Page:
Back to Virtue about our need to return to lives of virtue. He speaks of the cardinal virtues of justice, wisdom, courage, and moderation, and the theological virtues of faith, hope, and love. He weaves these virtues around a discussion of the beatitudes (blessed are the peacemakers…). I wonder about what happened to these virtues? I have atheist friends who are nice people. You probably do as well. They wouldn’t kill or steal. They would probably measure up well to the Ten Commandments. But I reflect on them with sadness for their perspective is limited in that they are in this life by themselves. They live by self-chosen standards, and their view is that when they die, that is all. Game over. This life is all they have. I have a friend who is a nice person, but he wants almost desperately to have important memorable experiences. He has to fill his time with things and events. I guess that is well and good. But I do things hopefully with a greater purpose in mind. I try to make God my standard, coming from his revelation in scripture, the words and actions of his son, Jesus, and his spirit which motivates me.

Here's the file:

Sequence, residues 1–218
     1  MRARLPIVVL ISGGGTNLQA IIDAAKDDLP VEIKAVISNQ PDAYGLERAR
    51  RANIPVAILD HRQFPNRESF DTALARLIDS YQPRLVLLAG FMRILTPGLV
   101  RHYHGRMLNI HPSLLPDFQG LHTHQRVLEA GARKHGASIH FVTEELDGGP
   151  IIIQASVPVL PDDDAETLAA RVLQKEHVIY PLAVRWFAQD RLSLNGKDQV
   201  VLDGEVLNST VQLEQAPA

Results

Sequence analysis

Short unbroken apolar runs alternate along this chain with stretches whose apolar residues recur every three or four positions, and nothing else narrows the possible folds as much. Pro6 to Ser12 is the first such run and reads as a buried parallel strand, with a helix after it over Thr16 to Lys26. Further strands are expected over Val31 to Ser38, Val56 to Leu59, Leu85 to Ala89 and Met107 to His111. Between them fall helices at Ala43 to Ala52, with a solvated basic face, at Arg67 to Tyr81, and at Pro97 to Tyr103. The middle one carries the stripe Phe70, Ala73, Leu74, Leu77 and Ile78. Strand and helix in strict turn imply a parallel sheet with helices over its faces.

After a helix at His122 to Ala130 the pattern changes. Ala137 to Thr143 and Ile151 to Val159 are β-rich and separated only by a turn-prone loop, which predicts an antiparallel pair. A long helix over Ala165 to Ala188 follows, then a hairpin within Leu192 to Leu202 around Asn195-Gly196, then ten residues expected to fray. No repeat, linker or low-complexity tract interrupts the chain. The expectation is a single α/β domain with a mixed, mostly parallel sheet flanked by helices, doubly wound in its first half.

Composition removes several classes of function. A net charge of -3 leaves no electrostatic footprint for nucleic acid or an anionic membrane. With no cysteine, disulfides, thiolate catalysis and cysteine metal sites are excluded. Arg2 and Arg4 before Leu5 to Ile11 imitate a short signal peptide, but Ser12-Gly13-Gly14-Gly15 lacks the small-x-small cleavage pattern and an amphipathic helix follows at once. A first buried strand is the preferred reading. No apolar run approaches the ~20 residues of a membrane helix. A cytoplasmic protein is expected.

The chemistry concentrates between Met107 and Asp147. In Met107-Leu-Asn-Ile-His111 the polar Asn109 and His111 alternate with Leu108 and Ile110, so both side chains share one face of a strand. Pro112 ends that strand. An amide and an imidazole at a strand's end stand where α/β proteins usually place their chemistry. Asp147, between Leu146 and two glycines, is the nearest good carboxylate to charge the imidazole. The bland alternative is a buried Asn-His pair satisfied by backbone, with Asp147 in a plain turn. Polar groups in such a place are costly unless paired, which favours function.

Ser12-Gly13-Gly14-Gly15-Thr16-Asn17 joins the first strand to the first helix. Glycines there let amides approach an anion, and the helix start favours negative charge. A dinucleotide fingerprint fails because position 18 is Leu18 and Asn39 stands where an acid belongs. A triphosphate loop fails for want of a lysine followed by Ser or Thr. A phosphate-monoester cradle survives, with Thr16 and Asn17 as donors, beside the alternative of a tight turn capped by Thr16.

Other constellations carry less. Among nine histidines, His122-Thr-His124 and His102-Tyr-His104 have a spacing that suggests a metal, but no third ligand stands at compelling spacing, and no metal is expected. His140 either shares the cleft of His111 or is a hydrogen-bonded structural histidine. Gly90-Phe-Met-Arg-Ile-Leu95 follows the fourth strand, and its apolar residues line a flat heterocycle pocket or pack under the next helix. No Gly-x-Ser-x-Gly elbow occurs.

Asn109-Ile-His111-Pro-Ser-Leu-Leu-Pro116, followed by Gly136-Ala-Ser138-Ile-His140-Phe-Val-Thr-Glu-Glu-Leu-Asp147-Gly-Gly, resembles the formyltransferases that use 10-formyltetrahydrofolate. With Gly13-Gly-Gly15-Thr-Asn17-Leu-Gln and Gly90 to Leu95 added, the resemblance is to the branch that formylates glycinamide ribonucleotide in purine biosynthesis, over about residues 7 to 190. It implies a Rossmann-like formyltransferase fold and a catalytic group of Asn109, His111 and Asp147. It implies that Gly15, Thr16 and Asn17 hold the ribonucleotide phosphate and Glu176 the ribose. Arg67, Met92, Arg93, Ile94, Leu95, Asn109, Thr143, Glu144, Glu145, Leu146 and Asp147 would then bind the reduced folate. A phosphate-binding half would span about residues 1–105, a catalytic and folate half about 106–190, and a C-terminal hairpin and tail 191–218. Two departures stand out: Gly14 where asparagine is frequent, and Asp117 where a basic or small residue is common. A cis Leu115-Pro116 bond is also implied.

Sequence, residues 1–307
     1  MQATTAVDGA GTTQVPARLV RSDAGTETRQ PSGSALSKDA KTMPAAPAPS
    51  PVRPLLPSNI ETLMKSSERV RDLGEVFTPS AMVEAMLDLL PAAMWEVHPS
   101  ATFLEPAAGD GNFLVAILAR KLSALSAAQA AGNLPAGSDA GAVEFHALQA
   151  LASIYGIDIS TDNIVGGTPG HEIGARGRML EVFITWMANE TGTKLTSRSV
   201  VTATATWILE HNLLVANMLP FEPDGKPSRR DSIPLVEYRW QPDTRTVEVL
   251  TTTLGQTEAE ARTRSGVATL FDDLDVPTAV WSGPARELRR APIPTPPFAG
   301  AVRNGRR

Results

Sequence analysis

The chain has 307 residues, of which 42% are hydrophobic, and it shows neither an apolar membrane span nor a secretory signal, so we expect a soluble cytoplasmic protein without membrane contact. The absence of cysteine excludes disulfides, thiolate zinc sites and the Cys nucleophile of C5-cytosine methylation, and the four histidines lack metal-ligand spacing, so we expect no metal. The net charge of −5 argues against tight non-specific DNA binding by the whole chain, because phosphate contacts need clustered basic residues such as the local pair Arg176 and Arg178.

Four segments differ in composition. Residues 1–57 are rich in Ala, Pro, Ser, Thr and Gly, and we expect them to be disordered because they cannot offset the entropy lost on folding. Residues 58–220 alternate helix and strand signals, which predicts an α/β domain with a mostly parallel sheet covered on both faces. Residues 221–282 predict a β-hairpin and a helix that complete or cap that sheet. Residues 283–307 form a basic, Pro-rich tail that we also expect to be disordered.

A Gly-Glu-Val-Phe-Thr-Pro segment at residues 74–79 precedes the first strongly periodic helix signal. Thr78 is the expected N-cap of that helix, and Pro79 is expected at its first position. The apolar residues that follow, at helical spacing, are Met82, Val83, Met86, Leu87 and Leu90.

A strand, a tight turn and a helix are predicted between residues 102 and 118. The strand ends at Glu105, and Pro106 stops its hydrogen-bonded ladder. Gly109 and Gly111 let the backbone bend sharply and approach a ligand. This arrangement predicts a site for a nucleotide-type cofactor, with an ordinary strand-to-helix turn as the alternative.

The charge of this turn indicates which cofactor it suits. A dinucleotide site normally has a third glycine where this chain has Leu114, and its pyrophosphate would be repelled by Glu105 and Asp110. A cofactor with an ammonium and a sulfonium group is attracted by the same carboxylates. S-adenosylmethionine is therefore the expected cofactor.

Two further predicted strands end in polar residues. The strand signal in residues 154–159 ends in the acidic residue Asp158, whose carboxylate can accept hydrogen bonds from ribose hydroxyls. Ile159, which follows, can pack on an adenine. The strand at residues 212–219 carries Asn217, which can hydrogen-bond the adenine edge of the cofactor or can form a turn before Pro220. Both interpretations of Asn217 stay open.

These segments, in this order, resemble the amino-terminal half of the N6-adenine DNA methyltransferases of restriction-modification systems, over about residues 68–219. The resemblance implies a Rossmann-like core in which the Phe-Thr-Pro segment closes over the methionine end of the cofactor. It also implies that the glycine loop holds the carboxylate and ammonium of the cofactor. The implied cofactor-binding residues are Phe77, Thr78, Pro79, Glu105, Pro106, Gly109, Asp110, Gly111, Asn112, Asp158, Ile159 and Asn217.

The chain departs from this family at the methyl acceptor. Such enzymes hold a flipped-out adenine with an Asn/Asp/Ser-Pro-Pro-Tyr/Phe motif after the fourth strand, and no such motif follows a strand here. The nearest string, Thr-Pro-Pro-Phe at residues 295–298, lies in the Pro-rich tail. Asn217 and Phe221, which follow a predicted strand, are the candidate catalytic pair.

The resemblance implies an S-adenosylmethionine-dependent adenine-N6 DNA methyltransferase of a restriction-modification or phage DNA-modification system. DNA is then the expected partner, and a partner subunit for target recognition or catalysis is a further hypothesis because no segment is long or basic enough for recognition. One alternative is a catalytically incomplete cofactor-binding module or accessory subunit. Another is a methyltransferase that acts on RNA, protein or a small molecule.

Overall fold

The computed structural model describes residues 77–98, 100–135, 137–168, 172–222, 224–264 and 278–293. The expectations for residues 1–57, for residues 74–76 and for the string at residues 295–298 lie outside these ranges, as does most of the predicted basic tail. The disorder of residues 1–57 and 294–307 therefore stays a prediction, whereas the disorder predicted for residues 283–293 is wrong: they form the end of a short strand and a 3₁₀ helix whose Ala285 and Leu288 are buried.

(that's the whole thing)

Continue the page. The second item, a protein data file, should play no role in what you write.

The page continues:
The attitude of Job is important here. In this life, when difficulty hits, when pain and sorrow are present, belief in God is an asset and a consolation. I can rely on God’s truths. I try to live in him, through him, and with him. I believe that God is love, true love, ever growing and other centered. So I want to be virtuous, because those are qualities that have been handed down over the ages. They are not easy and fly in the face of our culture. I am not in it to get a reward or to feel good but to try to please God and to live up to his standards.
“Often in the course of the day, ask for the light of the Holy Spirit.”
~ Thoughts of the Cure D’Ars